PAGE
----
Hospital Violates FLSA by Requiring Employees To Monitor Phones or Other Devices During Lunch Breaks
A United States District Court for the Eastern District of Wisconsin recently granted a conditional class certification to Certified Nursing Assistants (“CNAs”) and housekeepers employed by Waukesha Memorial Hospital (“Waukesha”). These employees allege that Waukesha violated the Fair Labor Standards Act (“FLSA”) by not compensating them for on-duty meal periods in which they were entitled to overtime pay. Plaintiff’s allege every employee at Waukesha is subject to an automatic thirty minute meal period which is deducted from their pay. However, Waukesha requires these employees to carry, monitor, and respond to hospital-assigned communication devices during this meal period without overtime compensation. The employees' failure to respond to calls made to them during their meal period often resulted in disciplinary action and discharge of employment.
The Fair Labor Standards Act provides these employees a remedy to recover unpaid overtime compensation as a collective group. FLSA regulations require that during a lunch break:
The employee must be completely relieved from duty for the purposes of eating regular meals. Ordinarily, 30 minutes or more is long enough for a bona fide meal period. A shorter period may be long enough under special conditions. The employee is not relieved if he is required to perform any duties, whether active or inactive while eating. For example, an office employee who is required to eat at his desk or a factory worker who is required to be at his machine is working while eating.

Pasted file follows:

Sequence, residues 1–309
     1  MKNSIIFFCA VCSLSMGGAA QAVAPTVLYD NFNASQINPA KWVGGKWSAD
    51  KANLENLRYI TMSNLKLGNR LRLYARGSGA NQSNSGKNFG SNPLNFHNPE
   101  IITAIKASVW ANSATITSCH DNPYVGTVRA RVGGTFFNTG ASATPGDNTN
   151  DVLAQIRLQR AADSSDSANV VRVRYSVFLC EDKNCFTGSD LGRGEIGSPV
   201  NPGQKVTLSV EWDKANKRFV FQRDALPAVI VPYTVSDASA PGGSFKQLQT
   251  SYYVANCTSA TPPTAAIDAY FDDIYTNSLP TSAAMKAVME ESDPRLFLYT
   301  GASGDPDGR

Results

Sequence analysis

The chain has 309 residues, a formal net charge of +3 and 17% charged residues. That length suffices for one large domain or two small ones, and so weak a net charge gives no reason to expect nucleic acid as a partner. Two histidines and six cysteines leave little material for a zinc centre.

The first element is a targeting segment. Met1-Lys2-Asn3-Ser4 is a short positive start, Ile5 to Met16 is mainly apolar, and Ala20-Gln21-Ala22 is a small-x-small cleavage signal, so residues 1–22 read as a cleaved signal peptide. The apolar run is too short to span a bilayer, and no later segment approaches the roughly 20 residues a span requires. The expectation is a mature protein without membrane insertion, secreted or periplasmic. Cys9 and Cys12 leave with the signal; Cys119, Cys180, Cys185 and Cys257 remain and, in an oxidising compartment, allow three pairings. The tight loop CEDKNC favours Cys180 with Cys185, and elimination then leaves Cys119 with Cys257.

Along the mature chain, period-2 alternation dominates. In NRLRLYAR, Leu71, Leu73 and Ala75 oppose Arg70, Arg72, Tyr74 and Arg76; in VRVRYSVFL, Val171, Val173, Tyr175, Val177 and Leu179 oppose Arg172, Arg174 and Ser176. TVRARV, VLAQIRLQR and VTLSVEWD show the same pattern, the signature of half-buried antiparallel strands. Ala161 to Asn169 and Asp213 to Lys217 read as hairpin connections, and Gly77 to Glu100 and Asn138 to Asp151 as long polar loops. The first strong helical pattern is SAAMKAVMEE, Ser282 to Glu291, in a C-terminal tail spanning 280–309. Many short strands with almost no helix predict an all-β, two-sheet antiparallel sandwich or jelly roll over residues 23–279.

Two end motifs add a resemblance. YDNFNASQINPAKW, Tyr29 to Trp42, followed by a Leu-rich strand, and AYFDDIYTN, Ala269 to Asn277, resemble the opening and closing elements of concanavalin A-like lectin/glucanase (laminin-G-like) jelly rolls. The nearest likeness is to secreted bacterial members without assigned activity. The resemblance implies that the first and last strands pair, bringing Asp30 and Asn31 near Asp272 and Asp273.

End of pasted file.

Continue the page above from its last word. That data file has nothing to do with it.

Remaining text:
The court in Waukesha found that plaintiffs made a sufficient factual showing that CNAs and housekeepers were required to monitor and respond to their communication devices during meal breaks, were uncompensated for this overtime work, and were subject to disciplinary action if they did not immediately respond to these devices. The court held that Waukesha could have violated the FLSA by failing to ensure the CNAs and housekeepers were compensated for all work completed, including the “inactive” task of monitoring a communication device and remaining available to readily respond. The court therefore granted plaintiffs conditional class certification and Waukesha will be forced to provide plaintiffs with a list identifying all persons known to Waukesha who meet the class-certification definitions.